Twelve Things I Learned From My First Semester as a Ph.D. Student

Twelve Things I Learned From My First Semester as a Ph.D. Student

(Written for Inside Higher Ed, January 2020)

As an undergraduate, I seldom felt overwhelmed by coursework. I found praise easily. I graduated summa cum laude and wrote an award-winning honors thesis. When I heard horror stories about graduate school, I knew I would be an exception. I was wrong.

Although I lost ten pounds in my first semester in Southern Methodist University’s history Ph.D. program from the stress of coursework, I want to avoid being all doom and gloom. I can confidently say that I have never learned so much in such a short period of time.

During my first semester of coursework at SMU, twelve significant lessons particularly standout. Hopefully, this list will prove beneficial and entertaining for current and future Ph.D. students.

Graduate School Shows You That You’re Capable. In 2012 and 2013, I hiked roughly a thousand miles on the Appalachian Trail and roughly two thousand miles on the Pacific Crest Trail. Graduate school, sans all the walking, is reminiscent of these long-distance treks: I am constantly hungry and I look like I’ve been living in the woods. Yet the most striking similarity is that I am constantly surprised by my capabilities. Never did I think I could write for seven hours straight. With deadlines looming, I can. Never did I think I could read five books in a week. With fear of disappointing a professor, I do. I am both excited and scared to continue discovering my capabilities.

Create Another Bubble. I began a romantic relationship when I moved to Dallas. Initially, I thought it foolish to date as I began a Ph.D. program, but my significant other allowed me to step out of the academic bubble. We went hiking, we saw movies, we enjoyed the symphony. To remain mentally sound in graduate school, a world outside of graduate school must be maintained. For me that turned out to be a romantic relationship. For others in my cohort, it means being active with church, with sports, or with family. That burgeoning relationship has since ended, teaching me another valuable lesson—maintaining a relationship while in a Ph.D. program is challenging.

Money Goes Quick. I am paid $20,000 over ten months at SMU, a rate below the living wage. Compared to other private institutions—Yale $32,000, Cornell $30,000, Duke $28,000—SMU is on the low end. Yet, SMU’s stipend is not nearly as bad as some public universities and is one of the best in the Southwest region. Only a few of us are in massive debt. Not all of us.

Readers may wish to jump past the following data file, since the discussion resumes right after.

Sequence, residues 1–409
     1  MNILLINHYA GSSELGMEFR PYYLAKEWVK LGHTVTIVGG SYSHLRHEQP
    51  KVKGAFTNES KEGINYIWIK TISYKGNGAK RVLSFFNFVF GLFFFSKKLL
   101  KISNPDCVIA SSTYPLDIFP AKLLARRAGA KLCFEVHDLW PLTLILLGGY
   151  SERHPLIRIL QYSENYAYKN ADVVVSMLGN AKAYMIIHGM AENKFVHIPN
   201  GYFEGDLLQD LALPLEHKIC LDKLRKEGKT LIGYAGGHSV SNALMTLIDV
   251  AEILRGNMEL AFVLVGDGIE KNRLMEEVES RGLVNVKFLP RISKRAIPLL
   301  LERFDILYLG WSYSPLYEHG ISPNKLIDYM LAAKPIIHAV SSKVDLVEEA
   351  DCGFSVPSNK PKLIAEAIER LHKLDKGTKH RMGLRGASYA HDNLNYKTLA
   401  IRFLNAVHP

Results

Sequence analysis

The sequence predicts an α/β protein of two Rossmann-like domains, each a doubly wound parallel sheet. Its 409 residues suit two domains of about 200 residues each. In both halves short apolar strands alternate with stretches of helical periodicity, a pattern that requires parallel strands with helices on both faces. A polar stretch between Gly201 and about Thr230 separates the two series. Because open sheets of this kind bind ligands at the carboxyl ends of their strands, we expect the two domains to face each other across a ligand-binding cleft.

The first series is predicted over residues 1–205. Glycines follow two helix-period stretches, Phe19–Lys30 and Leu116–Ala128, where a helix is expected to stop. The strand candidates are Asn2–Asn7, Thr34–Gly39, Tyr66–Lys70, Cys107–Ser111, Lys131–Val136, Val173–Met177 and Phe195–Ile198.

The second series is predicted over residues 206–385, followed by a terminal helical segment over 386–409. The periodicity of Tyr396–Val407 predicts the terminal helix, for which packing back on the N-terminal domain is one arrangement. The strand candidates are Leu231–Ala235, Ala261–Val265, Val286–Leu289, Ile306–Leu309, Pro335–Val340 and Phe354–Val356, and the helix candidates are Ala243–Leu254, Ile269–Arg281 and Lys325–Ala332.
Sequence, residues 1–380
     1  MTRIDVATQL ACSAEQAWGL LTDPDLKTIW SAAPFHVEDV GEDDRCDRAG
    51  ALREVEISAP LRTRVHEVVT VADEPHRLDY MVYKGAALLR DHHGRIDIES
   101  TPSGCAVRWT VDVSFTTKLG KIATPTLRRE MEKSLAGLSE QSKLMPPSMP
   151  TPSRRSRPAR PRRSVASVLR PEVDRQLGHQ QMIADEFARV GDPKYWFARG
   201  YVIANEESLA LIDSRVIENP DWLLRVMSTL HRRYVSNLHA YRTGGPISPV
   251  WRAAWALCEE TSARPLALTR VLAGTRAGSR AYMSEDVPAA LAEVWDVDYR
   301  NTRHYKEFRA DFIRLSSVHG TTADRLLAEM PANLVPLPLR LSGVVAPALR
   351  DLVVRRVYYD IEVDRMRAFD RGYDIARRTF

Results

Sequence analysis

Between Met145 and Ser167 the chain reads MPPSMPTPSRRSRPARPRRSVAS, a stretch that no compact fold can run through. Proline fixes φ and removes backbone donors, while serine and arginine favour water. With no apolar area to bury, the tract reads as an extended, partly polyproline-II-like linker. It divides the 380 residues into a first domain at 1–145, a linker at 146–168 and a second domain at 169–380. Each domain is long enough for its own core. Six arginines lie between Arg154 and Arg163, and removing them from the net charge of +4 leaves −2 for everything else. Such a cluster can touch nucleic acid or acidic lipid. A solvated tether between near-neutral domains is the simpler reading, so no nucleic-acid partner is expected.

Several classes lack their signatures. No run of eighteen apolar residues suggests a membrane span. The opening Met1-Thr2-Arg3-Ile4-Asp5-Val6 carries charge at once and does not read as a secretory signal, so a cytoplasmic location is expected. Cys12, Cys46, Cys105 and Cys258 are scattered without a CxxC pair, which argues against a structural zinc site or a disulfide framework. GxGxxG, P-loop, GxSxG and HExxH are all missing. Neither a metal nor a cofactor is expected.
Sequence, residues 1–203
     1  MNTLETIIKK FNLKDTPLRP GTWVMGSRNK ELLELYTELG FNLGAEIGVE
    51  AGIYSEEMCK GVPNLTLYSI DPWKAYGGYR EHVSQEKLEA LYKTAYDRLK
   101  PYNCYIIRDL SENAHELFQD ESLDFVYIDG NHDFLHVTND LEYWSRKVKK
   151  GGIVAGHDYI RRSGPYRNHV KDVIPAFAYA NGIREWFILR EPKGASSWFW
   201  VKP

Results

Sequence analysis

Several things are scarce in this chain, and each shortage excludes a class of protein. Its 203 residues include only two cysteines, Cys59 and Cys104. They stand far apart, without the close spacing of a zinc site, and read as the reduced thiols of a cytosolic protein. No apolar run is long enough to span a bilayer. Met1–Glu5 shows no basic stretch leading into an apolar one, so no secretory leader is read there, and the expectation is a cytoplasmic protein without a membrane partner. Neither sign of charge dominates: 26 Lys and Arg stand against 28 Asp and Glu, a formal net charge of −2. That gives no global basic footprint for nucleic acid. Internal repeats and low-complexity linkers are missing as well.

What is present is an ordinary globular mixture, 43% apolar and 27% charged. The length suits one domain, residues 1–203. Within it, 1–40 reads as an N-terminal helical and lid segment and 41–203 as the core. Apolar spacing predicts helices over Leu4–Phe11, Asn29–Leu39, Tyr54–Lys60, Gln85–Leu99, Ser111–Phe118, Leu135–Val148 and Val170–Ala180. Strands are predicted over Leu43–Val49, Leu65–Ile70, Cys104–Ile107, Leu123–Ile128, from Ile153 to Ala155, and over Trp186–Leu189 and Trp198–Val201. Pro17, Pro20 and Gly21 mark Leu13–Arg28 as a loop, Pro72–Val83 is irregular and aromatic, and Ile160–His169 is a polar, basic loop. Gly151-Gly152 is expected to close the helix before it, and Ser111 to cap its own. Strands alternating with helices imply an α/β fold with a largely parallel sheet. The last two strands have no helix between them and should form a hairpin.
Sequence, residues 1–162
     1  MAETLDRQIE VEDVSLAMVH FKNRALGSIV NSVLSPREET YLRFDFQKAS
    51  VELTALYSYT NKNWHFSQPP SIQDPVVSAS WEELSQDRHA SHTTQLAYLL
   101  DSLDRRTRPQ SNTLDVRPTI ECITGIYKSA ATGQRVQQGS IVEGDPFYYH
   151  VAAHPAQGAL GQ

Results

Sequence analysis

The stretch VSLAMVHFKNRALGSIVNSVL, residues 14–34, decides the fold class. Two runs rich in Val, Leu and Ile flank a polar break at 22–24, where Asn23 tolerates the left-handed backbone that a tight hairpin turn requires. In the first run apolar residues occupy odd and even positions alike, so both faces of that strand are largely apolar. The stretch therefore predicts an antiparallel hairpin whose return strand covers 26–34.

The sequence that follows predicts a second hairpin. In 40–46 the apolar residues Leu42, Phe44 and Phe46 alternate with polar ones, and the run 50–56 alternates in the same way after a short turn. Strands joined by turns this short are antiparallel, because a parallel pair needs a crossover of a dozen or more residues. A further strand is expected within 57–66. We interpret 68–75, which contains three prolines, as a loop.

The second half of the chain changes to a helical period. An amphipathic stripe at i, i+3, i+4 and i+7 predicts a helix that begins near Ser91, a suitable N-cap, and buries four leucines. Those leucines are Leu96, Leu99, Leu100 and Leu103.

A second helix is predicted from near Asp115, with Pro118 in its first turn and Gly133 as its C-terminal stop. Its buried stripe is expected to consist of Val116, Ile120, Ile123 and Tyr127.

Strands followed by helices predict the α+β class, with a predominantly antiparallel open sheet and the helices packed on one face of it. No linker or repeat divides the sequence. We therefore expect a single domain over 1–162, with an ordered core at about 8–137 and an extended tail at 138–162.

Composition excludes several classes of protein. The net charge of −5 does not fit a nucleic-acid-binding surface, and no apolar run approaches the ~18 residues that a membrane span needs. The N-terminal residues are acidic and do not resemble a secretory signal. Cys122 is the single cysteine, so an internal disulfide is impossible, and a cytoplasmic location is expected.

Graduate students, besides sometimes being dirt-cheap labor, bring repute to their universities. We are trophies in the making. All universities have to do is keep us half-alive, to give us enough to pay our bills. They are failing in that.

But I will say, in a twisted way, I have been so busy with graduate school that I have found myself spending less than I ever have. Books, food, gas, rent, repeat.

I Feel Guilty When I Don’t Work. In graduate school I have become my own boss–a demanding one at that. My biggest issue is that I rarely give myself enough free time. An hour spent grocery shopping, could be spent reading a page or two of Derrida. Two hours spent rock climbing could be used to mindlessly mull over potential grants before realizing that I don’t meet any of the qualifications.

On one hand, these guilty feelings are a boon professionally. I have produced a heap of articles, book reviews, and encyclopedia entries. On the other hand, these guilty feelings are dangerous to my well-being. I am not one of those rare academics who utterly enjoys digging into scholastic trenches. I need time to decompress.

Please correct me if I am wrong, but this feeling does not go away. We just become better at managing it, at buttering up our inner bosses to give us decompression time. Running a 5k every day impedes me from spiraling out of control,  but when deadlines are on the horizon, skipping a 5k “just this once,” is all too easy.

Gut, Gut, Gut, But Not Too Much. When tasked with reading 1,500 pages in the span of a week, you gut. You hit chapter intros and conclusions, you read topic sentences, you scrounge up dusty reviews. When I gut something I hardly enjoy it. “Survival reading” washes away nuances. Therefore, I have made it a rule to read at least one book front to back per week. I always have plenty of options to choose from.